Other activities completed by Mike included –

* Conducting an audit/inventory of a stowage bag containing video cabling and various video accessories, located in COL,

* Checking a Canon G1 camcorder for a missing video tape containing “Taste In Space” footage,

* Working on the SSC-10 (Station Support Computer 10) laptop and swapping its damaged ISL (Integrated Station LAN) Ethernet cable with an unstowed spare,

* Returning VTR (Video Tape Recorder) encoding bypass hardware used for Ron’s & Satoshi’s JEMRMS operations to nominal configuration, and

* Performing the periodic ISS Ops Product Survey by US crews [this evaluation helps MCC-Houston/MOD and the entire ISS Ops community across all IPs (International Partners) to better integrate the ops products used onboard on a daily basis (such as the Daily Summary, Stowage Notes, and Procedures). The standards described in the survey are not NASA-only but are also supposed to be followed by all USOS control centers (Houston, POIC, COL-CC, and SSIPC)],

The periodic ISS Ops Product Survey was also conducted by FE-3 Garan.

Working in the USOS (US Segment), Satoshi Furukawa gathered the Lego equipment & guide book and then performed the education experiment “Lego Brick Building”, while Ron Garan used the HD video camcorder to record the activity for downlink to SSIPC (Space Station Integration & Promotion Center)/Tsukuba. Completion of the Lego Brick activity was deferred.

Samokutyayev & Volkov closed out their post- EVA-29 activities, removing Orlan-MK and BSS support equipment to stowage.

Afterwards, Sasha also stowed all EVA tools, updating the IMS (Inventory Management System) database concurrently.

Sergei meanwhile configured the pumping equipment with the electric compressor and then started the transfer of urine from 3 EDV-U containers to the BV1 Rodnik water storage tank of Progress 43P (#411). [Each of the spherical Rodnik tanks BV1 & BV2 consists of a hard shell with a soft membrane (bladder) composed of elastic fluoroplastic. The bladder is used to expel water from the tank by compressed air pumped into the tank volume surrounding the membrane and is leak-tested before urine transfers, i.e., with empty tanks, the bladders are expanded against the tank walls and checked for hermeticity.]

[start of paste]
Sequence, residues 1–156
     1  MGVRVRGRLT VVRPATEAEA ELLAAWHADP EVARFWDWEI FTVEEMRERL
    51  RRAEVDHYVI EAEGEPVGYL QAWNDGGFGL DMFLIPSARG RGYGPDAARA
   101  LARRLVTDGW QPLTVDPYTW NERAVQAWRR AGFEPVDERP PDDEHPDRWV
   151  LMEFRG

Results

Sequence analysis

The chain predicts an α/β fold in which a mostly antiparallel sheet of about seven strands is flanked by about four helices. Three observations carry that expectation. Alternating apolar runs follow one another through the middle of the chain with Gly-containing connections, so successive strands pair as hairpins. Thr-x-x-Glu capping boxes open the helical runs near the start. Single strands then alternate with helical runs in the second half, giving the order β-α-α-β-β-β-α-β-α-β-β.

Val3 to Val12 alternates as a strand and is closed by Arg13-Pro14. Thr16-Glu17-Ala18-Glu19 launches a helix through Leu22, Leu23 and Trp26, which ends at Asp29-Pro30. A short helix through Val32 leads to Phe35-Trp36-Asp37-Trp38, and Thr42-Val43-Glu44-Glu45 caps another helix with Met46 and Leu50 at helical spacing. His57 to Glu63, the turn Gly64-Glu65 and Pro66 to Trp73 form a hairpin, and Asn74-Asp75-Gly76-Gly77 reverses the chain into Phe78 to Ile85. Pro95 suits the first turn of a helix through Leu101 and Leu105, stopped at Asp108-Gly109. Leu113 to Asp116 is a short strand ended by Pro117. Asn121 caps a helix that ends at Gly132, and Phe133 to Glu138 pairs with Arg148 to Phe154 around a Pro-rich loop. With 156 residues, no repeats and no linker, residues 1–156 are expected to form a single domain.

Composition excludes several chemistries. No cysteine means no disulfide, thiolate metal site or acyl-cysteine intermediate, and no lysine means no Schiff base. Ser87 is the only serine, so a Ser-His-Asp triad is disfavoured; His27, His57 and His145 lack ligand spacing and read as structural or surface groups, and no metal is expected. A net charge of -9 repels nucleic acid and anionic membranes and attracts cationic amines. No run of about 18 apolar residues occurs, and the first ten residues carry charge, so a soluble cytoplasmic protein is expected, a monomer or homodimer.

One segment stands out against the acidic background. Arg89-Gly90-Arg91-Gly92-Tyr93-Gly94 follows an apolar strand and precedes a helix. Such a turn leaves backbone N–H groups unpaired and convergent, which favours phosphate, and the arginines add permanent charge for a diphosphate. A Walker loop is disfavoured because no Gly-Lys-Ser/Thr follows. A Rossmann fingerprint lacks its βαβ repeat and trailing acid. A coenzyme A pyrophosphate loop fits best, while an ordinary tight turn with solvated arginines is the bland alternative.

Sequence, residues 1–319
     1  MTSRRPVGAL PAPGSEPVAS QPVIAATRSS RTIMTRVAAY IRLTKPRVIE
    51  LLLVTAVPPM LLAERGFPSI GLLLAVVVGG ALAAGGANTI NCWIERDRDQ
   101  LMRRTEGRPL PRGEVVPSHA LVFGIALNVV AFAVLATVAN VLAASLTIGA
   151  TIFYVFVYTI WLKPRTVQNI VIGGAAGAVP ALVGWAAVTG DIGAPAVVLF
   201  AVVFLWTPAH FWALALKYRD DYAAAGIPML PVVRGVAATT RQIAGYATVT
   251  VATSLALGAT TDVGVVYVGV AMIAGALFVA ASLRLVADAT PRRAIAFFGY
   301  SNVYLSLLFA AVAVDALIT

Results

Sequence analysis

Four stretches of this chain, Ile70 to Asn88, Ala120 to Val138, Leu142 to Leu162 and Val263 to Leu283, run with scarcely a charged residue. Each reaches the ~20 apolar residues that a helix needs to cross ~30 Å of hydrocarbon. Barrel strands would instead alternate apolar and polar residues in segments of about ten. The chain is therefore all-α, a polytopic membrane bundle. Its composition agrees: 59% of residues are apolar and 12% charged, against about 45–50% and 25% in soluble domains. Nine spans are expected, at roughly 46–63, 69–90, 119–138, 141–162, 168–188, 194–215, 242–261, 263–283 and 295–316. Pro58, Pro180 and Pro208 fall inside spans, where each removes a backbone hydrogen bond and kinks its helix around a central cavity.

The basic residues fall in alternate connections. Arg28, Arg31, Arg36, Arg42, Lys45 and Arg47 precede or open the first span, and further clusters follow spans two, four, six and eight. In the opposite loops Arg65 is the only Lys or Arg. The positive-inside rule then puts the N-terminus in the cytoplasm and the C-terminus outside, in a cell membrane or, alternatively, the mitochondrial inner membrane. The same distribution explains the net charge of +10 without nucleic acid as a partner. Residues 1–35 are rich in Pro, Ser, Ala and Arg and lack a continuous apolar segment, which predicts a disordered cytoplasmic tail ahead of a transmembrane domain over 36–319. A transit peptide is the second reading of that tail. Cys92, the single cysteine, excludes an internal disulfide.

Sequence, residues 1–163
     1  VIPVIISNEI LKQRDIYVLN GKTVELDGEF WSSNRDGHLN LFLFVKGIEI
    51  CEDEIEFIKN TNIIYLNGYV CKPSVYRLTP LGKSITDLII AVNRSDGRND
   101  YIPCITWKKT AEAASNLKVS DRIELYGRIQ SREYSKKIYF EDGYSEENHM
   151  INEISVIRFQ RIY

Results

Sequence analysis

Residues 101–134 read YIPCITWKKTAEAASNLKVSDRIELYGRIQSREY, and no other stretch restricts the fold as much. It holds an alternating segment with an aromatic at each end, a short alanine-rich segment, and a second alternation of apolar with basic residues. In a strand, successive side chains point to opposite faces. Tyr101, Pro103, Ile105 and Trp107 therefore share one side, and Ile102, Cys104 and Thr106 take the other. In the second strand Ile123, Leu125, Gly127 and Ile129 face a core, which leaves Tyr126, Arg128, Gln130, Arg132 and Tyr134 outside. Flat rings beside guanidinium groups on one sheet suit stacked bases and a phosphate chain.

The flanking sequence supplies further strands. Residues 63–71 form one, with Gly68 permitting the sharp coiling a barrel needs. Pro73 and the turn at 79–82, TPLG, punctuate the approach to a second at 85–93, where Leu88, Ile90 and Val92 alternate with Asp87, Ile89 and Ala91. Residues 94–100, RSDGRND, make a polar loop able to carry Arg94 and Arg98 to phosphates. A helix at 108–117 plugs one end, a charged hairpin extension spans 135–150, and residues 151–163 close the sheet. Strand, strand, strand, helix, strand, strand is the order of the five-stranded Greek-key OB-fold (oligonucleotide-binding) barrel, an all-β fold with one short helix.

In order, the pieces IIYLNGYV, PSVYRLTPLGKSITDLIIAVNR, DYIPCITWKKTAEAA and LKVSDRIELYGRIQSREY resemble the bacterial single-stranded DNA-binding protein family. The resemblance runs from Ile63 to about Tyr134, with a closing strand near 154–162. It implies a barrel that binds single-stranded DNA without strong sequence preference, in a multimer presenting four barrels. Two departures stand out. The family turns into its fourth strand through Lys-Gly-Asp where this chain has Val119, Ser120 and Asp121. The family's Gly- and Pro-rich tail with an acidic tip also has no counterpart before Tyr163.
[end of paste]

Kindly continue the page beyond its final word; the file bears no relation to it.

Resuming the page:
Before sleeptime, Volkov will set up the first Orlan-MK 825M3 battery pack for discharge and start the process on the pack.

With the Russian Elektron oxygen generator currently turned off, ISS cabin atmosphere is being refreshed by periodic O2 represses from Progress 43P SRPK tankage.

CDR Borisenko completed the routine daily servicing of the SOZh system (Environment Control & Life Support System, ECLSS) in the SM. [Regular daily SOZh maintenance consists, among else, of checking the ASU toilet facilities, replacement of the KTO & KBO solid waste containers, replacement of EDV-SV waste water and EDV-U urine containers and filling EDV-SV, KOV (for Elektron), EDV-ZV & EDV on RP flow regulator.]

Borisenko also took care of the daily IMS maintenance, updating/editing its standard “delta file” including stowage locations, for the regular weekly automated export/import to its three databases on the ground (Houston, Moscow, Baikonur).

Later, Andrey set up the Russian DZZ-12 RUSALKA (“Mermaid”) hardware at SM window #9 for another sun-glint observation session, using the hand-held spectrometer (without use of the TIUS three-stage rate sensor) and later downloaded the data to laptop RS1 for subsequent downlink via OCA. The equipment was photographed with the NIKON D2Xs and then torn down and stowed away. [RUSALKA is a micro spectrometer for collecting detailed information on observed spectral radiance in the near IR (Infrared) waveband for measurement of greenhouse gas concentrations in the Earth atmosphere.]

Using the electronic Velocicalc instrument, Garan took IMV (Intermodule Ventilation) flow measurements in the Kibo JPM (JEM Pressurized Module) at specific IMV locations (Ovhd Aft Inlet, Stbd Aft Inlet, Stbd Fwd Outlet).